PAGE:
On November 4, the Optical Society of America (OSA) held an event in Tokyo to celebrate the change of its name to Optica, which was founded in 1916 as a regional organization in the U.S. Optica now has a worldwide membership. Satoshi Kawata, Chairman and President of Nanophoton (Professor Emeritus of Osaka University), will assume the position of Optica President next year. This event was also an experiment to see how we can overcome the time difference and hold an international conference in the world of COVID-19 disasters. Here is a report on the day of the event. (E-mail Newsletter editor-in-chief / freelance writer Takeshi Nemoto)
The name of this event is “Rebrand launch event”. It is a commemorative event for the launch of the new brand. In the U.S., Optica’s annual meeting, Frontier in Optics (FiO), was held from November 1 to 4, and the event was held in Japan to coincide with the last day of the annual meeting.
At the venue, more than 40 participants gathered one after another as a video of Optica’s CEO and Chairman explaining the background of the name change was played.
First, Chairman Kawata took the stage and thanked everyone for participating in the event, and then explained the purpose of the event. The language for the event is English.
“The purpose of the event is of course to celebrate the launch of the new Optica brand, but it is also an experiment to see if the so-called multi-hub conferencing experiment can work.”
“Currently, Optica’s annual meeting is being held in Washington, DC via an online meeting. I have been complaining that online meetings are very painful for people living in Japan, far away from Washington DC!”
“In this multi-hub conference, we will be meeting in Japan during the daytime, and people in the U.S. will be meeting during the daytime as well, so the audiences in the two locations will not be in one place, but they will hear live presentations by Asian speakers in Japan and recorded presentations by speakers in different time zones. Listen to recorded presentations by speakers in different time zones.”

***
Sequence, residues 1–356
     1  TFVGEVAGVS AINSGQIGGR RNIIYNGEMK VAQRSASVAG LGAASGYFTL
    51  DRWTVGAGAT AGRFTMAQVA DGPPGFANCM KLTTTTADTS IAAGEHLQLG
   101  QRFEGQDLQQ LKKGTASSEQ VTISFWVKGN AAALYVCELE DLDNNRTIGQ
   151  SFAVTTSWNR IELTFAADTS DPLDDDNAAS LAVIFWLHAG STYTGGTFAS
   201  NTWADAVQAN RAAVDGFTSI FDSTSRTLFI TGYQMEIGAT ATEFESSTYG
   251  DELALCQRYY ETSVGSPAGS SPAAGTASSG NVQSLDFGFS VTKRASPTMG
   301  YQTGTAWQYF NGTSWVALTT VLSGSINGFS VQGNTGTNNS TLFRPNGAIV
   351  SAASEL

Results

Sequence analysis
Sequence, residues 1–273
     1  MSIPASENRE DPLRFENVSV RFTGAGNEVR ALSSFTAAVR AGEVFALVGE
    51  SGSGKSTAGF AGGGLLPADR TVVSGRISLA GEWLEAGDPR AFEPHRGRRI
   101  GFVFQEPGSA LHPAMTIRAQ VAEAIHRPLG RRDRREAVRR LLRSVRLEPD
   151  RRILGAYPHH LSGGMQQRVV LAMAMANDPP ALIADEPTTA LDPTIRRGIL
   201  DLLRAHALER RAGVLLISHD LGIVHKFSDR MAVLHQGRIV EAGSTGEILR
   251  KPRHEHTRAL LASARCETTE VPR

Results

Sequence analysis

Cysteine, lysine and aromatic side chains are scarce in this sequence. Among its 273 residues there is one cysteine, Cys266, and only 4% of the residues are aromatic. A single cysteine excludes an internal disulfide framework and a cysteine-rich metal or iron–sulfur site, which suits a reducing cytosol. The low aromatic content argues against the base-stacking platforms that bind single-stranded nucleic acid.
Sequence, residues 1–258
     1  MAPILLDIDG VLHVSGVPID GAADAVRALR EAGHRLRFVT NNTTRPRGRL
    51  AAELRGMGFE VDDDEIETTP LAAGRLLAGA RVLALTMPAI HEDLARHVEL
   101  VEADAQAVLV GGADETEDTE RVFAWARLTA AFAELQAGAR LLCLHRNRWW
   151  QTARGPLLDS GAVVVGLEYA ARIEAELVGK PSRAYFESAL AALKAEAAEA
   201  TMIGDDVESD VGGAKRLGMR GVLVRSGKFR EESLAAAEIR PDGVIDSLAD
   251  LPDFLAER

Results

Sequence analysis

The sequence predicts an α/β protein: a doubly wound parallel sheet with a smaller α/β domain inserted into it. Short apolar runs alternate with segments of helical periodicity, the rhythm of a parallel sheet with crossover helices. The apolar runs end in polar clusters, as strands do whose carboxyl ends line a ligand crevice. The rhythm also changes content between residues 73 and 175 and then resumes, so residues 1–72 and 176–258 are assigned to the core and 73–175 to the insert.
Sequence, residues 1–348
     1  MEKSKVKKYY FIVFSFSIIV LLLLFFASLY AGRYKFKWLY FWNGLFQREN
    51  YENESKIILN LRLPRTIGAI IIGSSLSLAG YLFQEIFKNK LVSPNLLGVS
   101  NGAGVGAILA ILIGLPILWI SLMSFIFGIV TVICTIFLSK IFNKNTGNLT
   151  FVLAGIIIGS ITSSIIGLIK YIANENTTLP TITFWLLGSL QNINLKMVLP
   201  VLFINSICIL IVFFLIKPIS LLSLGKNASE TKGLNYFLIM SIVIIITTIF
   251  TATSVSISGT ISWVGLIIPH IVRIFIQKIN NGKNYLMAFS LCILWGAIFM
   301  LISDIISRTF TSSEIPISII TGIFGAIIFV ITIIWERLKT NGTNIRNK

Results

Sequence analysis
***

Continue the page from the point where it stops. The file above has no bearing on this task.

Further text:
“It is impossible to have a live discussion in a recorded presentation, but it is possible to have a discussion among the audience after the presentation. I’d like to try this experiment.”
The first presentation was “Fourier Transforms and Fourier Optics with Mathematica™” by Joe Goodman, Professor Emeritus at Stanford University. This is a recording of an online talk that started at 1:30 a.m. Japan time the night before and lasted about 50 minutes.
At the beginning of his presentation, Dr. Goodman said, “I regret that I cannot be here in person, but I am happy to be here virtually. I would like to thank Professor Emeritus Kawata for giving me this opportunity through the recording.” The Japanese participants listened to the lecture.
The next live presentation was given by Professor Hiroshi Yoshikawa of Nihon University. The title of the presentation was “Interactive Generation of Full Color 4K Image Hologram,” and it introduced his research on how to reduce the time required for hologram generation by using commercially available computers instead of specialized hardware. It is said to have been possible to create holograms in as little as 50 milliseconds, instead of the two hours it would take if calculated strictly. This was a live presentation, so there was a question and answer session with the audience.
After that, a video message delivered by the CEO was played and a group photo was taken before moving on to the reception. The venue was filled with people chatting, and many participants were enjoying face-to-face interaction while paying attention to infection control.